You can be the best crypto investor in the world, but if your crypto gets stolen or lost, you’ll lose every last scrap. So it’s important to safeguard your crypto as best you can. There’s a popular saying in crypto: “not your keys, not your coins” – meaning that if you don’t hold your own private keys, you can’t really be in control of your own funds.
Whether you hold your keys depends on what kind of wallet you store them in. So let’s look into the different types of wallets, keys, and the pros and cons of holding your own keys versus storing them elsewhere.
You use crypto wallets to store your crypto keys. There are two main types of wallets:
Your keys are what lets you access your funds and transact on the blockchain. There are two kinds of keys:
The private key is very important, as without this key you can’t send your crypto to another wallet, or use your funds in any way.
Crypto exchanges are custodial wallets. When you leave crypto on a centralized exchange like Binance or Coinbase, they’re responsible for safeguarding your keys.
A benefit of storing your keys on crypto exchanges is convenience. If you’re actively trading crypto with different strategies, keeping some of it on an exchange can save you time and hassle. If you’re doing this, you’ll need to make sure the exchange is reputable by doing some due diligence. It’s also a good idea to use more than one exchange to spread your risk in case any of them have any issues.
If you’re ready to start your crypto journey, Ledger offers a secure and easy way to do just that.
There’s no better place to buy, sell, manage, and exchange them than Ledger’s all-in-one app. Combine it with their state-of-the-art hardware wallet, and you’ll discover complete control and maximum security.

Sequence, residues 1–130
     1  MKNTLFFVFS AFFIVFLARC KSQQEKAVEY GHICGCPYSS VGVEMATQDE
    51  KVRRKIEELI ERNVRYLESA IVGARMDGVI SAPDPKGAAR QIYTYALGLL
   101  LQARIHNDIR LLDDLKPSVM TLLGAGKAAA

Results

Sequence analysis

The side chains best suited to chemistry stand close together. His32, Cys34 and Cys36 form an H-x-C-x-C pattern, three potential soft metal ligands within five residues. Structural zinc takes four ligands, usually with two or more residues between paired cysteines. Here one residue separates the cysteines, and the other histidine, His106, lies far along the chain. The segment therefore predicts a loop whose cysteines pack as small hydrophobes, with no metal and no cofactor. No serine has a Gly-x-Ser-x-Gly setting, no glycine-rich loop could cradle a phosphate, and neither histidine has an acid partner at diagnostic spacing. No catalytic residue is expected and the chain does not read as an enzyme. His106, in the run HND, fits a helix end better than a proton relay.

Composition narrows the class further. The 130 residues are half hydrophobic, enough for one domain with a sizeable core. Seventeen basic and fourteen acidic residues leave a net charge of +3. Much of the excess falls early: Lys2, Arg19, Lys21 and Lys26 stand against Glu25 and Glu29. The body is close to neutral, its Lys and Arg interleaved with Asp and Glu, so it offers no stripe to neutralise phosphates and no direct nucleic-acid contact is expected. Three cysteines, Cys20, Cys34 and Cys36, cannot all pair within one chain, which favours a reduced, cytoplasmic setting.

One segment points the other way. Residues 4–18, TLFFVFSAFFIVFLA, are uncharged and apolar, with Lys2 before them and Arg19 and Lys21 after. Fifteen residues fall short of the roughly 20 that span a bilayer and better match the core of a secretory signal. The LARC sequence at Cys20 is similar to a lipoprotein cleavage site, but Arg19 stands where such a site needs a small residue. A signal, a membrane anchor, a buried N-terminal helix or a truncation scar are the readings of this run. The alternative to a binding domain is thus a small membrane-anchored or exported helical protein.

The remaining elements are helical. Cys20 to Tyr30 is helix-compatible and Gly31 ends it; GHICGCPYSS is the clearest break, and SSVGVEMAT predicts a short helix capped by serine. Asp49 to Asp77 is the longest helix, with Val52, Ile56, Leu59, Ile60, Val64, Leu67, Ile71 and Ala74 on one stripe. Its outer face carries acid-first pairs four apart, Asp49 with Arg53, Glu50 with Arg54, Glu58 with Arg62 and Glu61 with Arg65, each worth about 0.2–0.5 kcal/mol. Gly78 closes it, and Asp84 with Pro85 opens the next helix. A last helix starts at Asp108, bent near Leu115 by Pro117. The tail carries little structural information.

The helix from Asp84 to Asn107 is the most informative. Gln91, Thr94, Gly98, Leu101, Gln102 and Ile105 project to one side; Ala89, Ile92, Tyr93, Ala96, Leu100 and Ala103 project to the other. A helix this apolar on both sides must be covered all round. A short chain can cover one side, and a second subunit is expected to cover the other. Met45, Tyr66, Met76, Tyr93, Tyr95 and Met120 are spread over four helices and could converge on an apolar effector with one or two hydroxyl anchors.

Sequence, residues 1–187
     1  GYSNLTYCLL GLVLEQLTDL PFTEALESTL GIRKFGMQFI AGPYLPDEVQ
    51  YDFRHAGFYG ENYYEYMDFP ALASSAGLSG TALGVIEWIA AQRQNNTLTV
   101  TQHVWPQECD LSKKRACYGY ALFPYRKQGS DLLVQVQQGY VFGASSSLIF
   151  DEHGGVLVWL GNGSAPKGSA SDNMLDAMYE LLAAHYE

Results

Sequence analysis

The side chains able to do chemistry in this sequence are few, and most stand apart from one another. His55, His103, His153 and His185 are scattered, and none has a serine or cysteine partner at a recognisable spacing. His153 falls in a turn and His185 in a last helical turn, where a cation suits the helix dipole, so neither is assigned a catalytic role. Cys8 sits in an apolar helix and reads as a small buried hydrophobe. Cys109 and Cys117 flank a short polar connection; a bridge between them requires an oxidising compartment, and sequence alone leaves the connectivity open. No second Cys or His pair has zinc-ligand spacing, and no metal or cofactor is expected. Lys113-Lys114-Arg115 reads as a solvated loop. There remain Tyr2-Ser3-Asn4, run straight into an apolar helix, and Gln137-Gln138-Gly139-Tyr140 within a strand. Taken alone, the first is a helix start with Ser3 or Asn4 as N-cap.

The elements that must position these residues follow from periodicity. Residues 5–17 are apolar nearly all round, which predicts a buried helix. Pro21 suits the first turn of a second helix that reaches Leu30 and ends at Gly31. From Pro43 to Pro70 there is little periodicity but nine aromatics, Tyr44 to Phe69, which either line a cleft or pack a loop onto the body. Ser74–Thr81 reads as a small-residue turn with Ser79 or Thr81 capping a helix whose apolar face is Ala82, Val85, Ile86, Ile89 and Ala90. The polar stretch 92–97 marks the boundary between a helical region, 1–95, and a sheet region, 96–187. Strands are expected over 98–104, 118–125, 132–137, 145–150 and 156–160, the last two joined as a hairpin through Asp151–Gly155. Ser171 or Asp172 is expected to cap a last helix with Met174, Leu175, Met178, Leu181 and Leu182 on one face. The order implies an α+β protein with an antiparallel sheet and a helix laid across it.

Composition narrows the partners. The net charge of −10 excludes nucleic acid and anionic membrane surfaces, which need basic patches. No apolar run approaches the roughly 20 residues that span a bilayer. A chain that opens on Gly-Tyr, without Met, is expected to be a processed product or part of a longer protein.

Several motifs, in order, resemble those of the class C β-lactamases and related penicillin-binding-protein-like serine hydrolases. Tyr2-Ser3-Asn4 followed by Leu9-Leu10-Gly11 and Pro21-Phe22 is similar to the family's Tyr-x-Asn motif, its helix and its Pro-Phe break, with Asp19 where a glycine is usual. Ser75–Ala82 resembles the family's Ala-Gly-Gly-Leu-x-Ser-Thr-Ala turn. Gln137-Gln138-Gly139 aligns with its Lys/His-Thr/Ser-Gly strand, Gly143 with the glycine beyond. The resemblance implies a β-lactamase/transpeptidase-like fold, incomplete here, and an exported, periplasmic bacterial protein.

Ledger gives you the keys to be your own bank, providing full control and self-custody over your assets. In addition to this Ledger continues to integrate more and more crypto coins through Ledger Live and external providers like FTX. Giving you access to interact with the blockchain ecosystem in a secure way.
Keep your digital assets safe in style: find out more on Ledger.com
There’s always the chance that any crypto exchange could be hacked – but if you’ve done your research, hopefully you’ve chosen wisely and picked a reputable, secure exchange. But even if your chosen exchange is fully armored up, they still technically own your keys. This means they have the ultimate access to your crypto on the blockchain – that might not be such a good thing.
For example, Coinbase is known to be one of the most secure crypto exchanges out there. But because it’s a publicly listed company, it had to make a new disclosure in case the company ever goes bankrupt – saying it might have to treat customer coins as company debt to fend off starving creditors.
If you’re buying and holding crypto for a longer time, you’re better off using a non-custodial wallet, a.k.a an offline “cold” wallet. This way, you hold the keys yourself, so you’ll always have control over your crypto and access to your own funds. The most basic way of doing this would be to have a paper wallet – where you write down the keys on a piece of paper, laminate it, and guard it with your life.
An even better cold storage solution might be to use a hardware wallet, where you can secure all your coins, tokens and NFTs in one device. These are just as safe as paper wallets, but also allow you to back up your keys. So if you lose your wallet, you’ll still be able to retrieve your crypto.
This guide was produced by Finimize in partnership with Ledger.
Check out Ledger’s mini-website at finimize.com.
Disclaimer: These articles are provided for information purposes only. Occasionally, an opinion about whether to buy or sell a specific investment may be provided. The content is not intended to be a personal recommendation to buy or sell any financial instrument or product, or to adopt any investment strategy as it is not provided based on an assessment of your investing knowledge and experience, your financial situation or your investment objectives. The value of your investments, and the income derived from them, may go down as well as up. You may not get back all the money that you invest. The investments referred to in this article may not be suitable for all investors, and if in doubt, an investor should seek advice from a qualified investment advisor.